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or prosopopeia

[proh-soh-puh-pee-uh] /proʊˌsoʊ pəˈpi ə/
noun, Rhetoric.
personification, as of inanimate things.
a figure of speech in which an imaginary, absent, or deceased person is represented as speaking or acting.
Origin of prosopopoeia
1555-65; < Latin prosōpopoeia < Greek prosōpopoiía personification, equivalent to prósōpo(n) face, person + poi(eîn) to make + -ia -ia
Related forms
prosopopoeial, adjective Unabridged
Based on the Random House Dictionary, © Random House, Inc. 2017.
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British Dictionary definitions for prosopopeia


(rhetoric) another word for personification
a figure of speech that represents an imaginary, absent, or dead person speaking or acting
Derived Forms
prosopopoeial, prosopopeial, adjective
Word Origin
C16: via Latin from Greek prosōpopoiia dramatization, from prosōpon face + poiein to make
Collins English Dictionary - Complete & Unabridged 2012 Digital Edition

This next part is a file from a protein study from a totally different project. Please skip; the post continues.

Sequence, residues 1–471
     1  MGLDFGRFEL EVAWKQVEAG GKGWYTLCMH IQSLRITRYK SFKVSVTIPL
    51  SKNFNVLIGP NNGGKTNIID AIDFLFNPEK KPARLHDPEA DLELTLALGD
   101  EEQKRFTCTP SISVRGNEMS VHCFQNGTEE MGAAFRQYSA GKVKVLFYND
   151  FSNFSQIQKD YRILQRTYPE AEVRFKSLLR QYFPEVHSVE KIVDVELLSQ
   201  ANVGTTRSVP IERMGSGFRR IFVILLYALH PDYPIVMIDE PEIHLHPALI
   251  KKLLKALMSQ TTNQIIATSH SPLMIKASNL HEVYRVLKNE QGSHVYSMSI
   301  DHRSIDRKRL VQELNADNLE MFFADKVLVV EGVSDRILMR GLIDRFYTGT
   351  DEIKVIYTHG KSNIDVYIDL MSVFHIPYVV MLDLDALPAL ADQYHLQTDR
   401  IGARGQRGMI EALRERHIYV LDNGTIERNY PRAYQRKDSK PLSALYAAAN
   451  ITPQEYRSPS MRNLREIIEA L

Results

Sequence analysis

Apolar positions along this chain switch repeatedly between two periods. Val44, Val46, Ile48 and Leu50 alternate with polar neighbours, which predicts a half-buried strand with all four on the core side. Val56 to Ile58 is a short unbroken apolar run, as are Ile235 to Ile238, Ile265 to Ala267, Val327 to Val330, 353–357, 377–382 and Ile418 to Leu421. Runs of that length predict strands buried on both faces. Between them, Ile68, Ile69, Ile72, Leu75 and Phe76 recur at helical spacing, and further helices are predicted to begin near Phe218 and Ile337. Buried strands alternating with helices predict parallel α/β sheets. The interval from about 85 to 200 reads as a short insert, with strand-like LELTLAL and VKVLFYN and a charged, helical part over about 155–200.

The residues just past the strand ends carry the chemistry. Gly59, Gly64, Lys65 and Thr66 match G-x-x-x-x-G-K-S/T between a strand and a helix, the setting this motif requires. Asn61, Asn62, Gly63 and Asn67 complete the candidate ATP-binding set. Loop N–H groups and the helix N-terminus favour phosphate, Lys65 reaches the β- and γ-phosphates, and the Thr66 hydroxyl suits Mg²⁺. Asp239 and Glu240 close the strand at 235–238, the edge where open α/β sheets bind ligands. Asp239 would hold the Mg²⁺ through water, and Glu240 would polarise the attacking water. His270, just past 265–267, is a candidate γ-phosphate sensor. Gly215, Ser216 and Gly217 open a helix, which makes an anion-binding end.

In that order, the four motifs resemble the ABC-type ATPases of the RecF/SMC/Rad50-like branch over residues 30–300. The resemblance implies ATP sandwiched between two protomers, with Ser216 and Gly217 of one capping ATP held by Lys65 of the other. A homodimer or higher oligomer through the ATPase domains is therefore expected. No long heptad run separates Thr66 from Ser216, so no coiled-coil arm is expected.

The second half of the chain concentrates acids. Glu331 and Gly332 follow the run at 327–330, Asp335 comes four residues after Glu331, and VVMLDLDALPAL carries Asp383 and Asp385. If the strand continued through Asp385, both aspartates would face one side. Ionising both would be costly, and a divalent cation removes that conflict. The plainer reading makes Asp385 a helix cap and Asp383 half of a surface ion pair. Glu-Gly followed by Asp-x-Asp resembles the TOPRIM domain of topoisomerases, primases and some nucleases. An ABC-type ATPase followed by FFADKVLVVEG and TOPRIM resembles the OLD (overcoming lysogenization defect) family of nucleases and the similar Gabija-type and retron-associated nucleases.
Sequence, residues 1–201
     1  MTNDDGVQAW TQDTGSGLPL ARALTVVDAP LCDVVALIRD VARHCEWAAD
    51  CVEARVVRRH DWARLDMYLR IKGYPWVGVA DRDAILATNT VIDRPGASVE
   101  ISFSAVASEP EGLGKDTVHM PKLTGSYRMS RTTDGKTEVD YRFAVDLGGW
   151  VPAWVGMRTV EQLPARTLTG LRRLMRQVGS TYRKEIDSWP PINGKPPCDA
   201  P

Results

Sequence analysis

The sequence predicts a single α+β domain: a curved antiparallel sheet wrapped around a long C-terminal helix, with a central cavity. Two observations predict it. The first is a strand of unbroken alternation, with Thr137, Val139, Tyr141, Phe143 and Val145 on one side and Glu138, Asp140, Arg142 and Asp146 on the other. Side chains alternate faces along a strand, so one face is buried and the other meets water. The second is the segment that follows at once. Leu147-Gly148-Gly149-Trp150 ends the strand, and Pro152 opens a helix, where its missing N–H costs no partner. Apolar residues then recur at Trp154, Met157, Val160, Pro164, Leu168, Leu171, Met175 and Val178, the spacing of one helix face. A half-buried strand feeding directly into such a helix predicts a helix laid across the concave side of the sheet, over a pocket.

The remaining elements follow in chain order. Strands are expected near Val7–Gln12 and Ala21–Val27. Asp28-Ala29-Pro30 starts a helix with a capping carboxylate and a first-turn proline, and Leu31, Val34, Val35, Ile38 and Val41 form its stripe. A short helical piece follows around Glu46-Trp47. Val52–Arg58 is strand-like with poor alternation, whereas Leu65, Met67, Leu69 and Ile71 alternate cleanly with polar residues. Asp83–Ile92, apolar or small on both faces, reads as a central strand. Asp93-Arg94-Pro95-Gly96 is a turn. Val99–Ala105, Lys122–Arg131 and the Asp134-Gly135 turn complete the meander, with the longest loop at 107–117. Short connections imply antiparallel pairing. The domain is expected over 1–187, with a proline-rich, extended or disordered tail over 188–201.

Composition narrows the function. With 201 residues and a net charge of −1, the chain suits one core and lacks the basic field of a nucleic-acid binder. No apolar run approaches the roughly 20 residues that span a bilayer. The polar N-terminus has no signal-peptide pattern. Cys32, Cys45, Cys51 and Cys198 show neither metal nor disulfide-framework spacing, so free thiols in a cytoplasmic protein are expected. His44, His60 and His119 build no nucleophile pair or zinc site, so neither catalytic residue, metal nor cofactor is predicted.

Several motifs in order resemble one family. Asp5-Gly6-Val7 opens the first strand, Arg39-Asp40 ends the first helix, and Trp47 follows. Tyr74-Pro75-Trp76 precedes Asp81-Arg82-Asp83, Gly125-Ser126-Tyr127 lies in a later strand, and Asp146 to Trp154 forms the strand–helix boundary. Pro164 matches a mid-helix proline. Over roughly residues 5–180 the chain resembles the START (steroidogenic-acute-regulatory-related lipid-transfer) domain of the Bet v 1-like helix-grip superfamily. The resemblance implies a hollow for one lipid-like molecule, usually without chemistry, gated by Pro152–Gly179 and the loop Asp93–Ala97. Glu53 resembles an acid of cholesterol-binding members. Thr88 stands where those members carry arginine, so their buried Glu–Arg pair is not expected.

© William Collins Sons & Co. Ltd. 1979, 1986 © HarperCollins
Publishers 1998, 2000, 2003, 2005, 2006, 2007, 2009, 2012
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Word Origin and History for prosopopeia

also prosopopoeia, 1560s, from Latin prosopopoeia, from Greek prosopopoiia "the putting of speeches into the mouths of others," from prosopon "person, face" (literally "that which is toward the eyes," from pros "to" + ops "eye, face;" see eye (n.)) + poiein "make" (see poet). Generally, a rhetorical figure in which an imaginary or absent person is made to speak or act.

Online Etymology Dictionary, © 2010 Douglas Harper
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